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Dean Buchanan's Avatar Jump to comment 17 by Dean Buchanan

Religion tends to provide a framework for the teaching and consideration of morality.

I would argue that it is being human that provides a framework for the teaching <!and learning--> of what we call morality. We are hardwired to assess the society and family we find ourselves in for friends and foes, opportunities and dangers. There is no known society in existence today that does not have a set of moral teachings attached to various creation myths, etc. that loosely cohere into a worldview that supports the social structure.

It also suggests that you are being constantly watched over and your actions assessed.

Again, being human is the precondition, not being religious. We have competing brain modules/processes where there are assessments being made about all types of things in our world. Most of this happens outside of our consciousness but some of the bits that float into the consciousness have been "judged" or watched over by the "superconsciousness" modules of our own brains and we can sense this.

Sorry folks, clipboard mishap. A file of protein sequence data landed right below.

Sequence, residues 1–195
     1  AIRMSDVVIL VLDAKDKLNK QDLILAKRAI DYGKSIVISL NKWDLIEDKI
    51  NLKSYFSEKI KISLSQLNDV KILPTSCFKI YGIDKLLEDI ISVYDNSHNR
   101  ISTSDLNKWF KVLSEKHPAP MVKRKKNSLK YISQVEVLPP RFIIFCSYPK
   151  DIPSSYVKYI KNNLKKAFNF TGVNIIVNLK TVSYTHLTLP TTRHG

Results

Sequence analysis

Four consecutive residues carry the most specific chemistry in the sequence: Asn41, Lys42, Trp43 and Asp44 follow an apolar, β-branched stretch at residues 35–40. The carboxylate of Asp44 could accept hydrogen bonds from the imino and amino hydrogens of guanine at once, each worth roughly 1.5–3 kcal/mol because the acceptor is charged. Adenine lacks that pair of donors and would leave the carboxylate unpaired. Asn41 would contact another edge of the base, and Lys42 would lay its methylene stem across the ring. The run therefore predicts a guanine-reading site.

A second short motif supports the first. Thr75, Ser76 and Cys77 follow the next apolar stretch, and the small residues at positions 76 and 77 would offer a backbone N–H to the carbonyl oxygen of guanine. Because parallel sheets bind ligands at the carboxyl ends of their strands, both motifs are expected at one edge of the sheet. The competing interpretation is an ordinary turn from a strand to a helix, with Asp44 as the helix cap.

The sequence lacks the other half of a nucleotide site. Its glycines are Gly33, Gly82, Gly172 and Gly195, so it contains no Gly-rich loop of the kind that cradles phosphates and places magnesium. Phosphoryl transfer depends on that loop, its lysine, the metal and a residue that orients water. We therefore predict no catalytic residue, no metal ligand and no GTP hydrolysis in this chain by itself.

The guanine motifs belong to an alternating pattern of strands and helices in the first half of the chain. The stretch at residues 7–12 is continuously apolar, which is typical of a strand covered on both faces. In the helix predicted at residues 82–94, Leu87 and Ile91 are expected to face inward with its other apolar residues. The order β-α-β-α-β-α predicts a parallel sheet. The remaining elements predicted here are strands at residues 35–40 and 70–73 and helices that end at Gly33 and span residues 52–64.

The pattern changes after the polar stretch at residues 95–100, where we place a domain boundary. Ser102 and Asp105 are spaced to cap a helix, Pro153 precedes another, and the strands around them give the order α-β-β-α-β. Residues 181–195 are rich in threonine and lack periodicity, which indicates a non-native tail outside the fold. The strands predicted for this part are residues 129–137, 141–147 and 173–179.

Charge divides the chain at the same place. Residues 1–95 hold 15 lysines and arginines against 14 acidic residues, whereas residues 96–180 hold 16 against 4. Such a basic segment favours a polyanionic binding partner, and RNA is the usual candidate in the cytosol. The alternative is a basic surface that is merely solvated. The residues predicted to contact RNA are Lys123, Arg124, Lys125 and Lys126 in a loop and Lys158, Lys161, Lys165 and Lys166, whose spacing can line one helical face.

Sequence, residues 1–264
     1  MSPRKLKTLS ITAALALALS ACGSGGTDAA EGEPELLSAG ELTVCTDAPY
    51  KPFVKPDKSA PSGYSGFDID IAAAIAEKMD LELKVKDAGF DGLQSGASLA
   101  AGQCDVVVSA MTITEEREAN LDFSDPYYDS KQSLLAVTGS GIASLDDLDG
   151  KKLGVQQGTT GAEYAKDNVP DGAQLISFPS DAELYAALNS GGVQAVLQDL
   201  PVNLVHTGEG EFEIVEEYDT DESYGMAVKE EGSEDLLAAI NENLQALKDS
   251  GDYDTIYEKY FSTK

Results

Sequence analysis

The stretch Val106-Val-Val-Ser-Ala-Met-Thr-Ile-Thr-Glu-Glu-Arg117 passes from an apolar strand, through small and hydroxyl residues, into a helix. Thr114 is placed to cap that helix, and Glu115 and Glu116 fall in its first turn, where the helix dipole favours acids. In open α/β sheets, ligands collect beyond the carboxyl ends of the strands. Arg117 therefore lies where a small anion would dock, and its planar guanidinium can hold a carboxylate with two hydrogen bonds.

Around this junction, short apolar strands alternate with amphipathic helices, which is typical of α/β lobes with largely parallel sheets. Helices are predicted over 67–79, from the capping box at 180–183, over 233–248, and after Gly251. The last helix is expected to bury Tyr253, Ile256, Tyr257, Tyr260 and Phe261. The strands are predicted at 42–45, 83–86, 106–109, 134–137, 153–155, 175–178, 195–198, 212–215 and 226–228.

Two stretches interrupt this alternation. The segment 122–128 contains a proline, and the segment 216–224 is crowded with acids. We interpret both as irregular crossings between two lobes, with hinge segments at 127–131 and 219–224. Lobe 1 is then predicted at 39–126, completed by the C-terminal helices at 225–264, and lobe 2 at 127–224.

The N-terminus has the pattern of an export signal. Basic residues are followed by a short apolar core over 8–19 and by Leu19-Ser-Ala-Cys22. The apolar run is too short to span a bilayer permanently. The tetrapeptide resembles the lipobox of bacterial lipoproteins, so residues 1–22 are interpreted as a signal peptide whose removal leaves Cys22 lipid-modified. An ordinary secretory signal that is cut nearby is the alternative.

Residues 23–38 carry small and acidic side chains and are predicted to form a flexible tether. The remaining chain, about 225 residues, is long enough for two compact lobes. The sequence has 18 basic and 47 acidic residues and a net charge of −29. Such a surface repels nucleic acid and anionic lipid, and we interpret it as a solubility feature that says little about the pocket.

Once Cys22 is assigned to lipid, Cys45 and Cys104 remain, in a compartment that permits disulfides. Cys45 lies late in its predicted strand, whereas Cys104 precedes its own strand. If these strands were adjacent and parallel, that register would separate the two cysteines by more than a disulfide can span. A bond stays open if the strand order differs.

There is also the theory of 'tricking ourselves' into being sincere as a way to convince others that we are not a cheater and are serious about something we are doing.
I can also imagine how the assignment of agency to inanimate objects in the environment, a process of pattern seeking (making?) would reenforce the feeling of being watched over.

Thanks Steve,

Thu, 11 Feb 2010 13:49:00 UTC | #440534